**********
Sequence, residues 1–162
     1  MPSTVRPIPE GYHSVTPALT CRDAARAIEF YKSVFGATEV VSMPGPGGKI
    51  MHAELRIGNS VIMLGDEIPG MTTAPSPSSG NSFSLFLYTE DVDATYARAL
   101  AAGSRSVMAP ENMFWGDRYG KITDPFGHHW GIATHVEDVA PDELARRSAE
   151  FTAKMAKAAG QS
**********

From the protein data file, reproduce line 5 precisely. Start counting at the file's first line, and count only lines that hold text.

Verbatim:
   151  FTAKMAKAAG QS